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Behind the Work

The Story Behind Dublin’s Beloved Monaghans Cashmere

Banjoman’s director Dermot Malone talks to LBB’s Nisna Mahtani about his personal connection to the ‘legendary shop’ and authentically capturing the family-run brand

The Story Behind Dublin’s Beloved Monaghans Cashmere



In 1960, Tom Monaghan established Monaghans Cashmere, a family-run business which has tackled recessions, hardships and ultimately had to close its doors for the first time in 61 years, due to the Covid pandemic. Much like many other retailers, the past couple of years haven’t been easy, but Banjoman’s director Dermot Malone was determined to showcase the brand. 
 
Spanning over a Christmas, the campaign explores what it’s like for a widowed man to celebrate the holidays without his wife. While everything seems fine, the moment the elderly man sees a broken frame with a picture of him and his late wife, the grief comes flooding back and he retreats to the stables they shared. In a touching act of kindness, his grandaughter realises the root of his sadness and uses his old favourite jumper to remind him of happy memories that keep him going through the festive period.  
 
Dermot took the time to speak to LBB’s Nisna Mahtani about the process behind the touching video that was inspired by Tom Monaghans, and created to keep the knitwear and cashmere brand going this Christmas.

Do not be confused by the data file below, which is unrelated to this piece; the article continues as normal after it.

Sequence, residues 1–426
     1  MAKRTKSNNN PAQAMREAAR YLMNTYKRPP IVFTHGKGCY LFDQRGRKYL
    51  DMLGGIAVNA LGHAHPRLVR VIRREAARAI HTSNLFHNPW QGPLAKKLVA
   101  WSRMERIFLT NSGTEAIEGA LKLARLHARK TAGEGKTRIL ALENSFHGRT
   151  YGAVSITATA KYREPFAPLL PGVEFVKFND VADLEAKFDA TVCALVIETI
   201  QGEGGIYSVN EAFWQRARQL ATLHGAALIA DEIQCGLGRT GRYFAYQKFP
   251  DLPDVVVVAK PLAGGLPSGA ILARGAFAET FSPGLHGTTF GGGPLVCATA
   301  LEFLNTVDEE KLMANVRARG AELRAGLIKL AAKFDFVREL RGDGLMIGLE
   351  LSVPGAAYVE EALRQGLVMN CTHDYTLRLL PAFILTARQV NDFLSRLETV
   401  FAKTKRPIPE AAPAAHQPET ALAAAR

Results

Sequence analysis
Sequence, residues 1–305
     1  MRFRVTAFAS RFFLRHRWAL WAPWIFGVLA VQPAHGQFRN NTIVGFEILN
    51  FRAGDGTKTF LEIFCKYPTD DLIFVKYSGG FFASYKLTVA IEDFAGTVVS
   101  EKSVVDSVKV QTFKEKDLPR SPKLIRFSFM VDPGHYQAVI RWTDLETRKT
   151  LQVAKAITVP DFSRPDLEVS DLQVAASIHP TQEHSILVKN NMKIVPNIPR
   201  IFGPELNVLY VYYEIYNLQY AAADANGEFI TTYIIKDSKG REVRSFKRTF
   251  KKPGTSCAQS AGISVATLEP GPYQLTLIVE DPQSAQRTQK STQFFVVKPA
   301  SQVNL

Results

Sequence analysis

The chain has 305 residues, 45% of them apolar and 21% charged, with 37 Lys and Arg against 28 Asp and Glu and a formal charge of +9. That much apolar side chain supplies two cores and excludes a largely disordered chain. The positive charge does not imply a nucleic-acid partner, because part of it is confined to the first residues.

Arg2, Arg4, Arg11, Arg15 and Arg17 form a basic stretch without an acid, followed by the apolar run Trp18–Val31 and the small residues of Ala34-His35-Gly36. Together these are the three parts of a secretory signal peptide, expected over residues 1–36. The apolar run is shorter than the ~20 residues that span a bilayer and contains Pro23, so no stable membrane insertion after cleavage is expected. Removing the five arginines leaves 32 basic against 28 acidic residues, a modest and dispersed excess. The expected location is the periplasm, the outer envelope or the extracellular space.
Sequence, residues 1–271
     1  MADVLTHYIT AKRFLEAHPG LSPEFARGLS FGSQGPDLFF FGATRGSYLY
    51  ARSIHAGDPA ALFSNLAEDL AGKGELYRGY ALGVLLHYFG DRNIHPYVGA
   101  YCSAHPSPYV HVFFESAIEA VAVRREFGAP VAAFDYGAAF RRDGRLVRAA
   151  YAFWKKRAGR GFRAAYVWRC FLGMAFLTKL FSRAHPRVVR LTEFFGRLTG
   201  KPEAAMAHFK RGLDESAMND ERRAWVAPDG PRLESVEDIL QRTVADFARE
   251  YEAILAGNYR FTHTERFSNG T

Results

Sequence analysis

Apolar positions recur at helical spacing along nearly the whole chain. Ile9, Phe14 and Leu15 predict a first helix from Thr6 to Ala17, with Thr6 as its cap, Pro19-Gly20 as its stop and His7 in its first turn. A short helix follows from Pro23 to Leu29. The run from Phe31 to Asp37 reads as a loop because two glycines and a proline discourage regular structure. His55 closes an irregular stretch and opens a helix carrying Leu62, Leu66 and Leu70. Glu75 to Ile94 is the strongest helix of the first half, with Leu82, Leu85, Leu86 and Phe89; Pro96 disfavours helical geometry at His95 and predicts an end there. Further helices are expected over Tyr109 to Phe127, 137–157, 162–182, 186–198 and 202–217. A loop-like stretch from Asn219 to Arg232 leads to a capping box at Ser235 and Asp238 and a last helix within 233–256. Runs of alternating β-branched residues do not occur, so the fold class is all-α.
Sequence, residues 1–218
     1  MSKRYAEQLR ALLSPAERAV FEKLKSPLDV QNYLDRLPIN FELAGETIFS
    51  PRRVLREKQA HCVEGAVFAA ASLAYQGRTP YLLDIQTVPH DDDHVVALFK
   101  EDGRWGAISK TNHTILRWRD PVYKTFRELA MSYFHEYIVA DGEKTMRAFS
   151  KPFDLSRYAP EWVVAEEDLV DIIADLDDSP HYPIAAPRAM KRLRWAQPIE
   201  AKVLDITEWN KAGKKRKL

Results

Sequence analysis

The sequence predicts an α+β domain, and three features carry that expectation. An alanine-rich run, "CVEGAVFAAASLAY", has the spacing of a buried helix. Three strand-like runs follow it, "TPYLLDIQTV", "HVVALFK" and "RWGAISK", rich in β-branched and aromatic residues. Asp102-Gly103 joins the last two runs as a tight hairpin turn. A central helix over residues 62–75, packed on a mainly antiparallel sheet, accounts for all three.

LBB> We’d love to hear about your personal connection to Monaghans Cashmere, can you tell us about it?


Dermot> Monaghans Cashmere has been in my psyche ever since I was a child. It's a legendary shop that's always been there - my dad and even my granddad would shop there. 
 
On a Saturday, my Dad and I would go into town and Monaghans was one of the places where we’d go. My Dad then became friendly with Jim Monaghan - Tom Monaghan’s son - who was running the shop at the time, and we became family friends. So, it's always been a legendary institution for me that I really love. 



LBB> What was the initial brief behind the campaign and how did it inform the way in which you created the ad?


Dermot> Suzanne (creative director and designer of Suzie Monaghan Cashmere) and I met in Monaghans, and she wanted to create a film that was almost like a Christmas commercial for adults. They’ve been in business for 61 years, so she wanted to create a legacy piece that would pull at the heartstrings and tell a story of family love. Then we discussed loosely basing it on Tom Monaghan’s actual story, and the film just bloomed out of that.
 
 

LBB> The campaign is somewhat based on Tom Monaghan and his story, why was it important to use him as the main character?


Dermot> It's only loosely based on his story, but Tom's wife did pass away two years ago and it was very tough for the whole family. And, obviously, he set up the shop. He’s a big character and a legend around the area, so his story informed what could be an authentic, emotional Christmas story of a family love.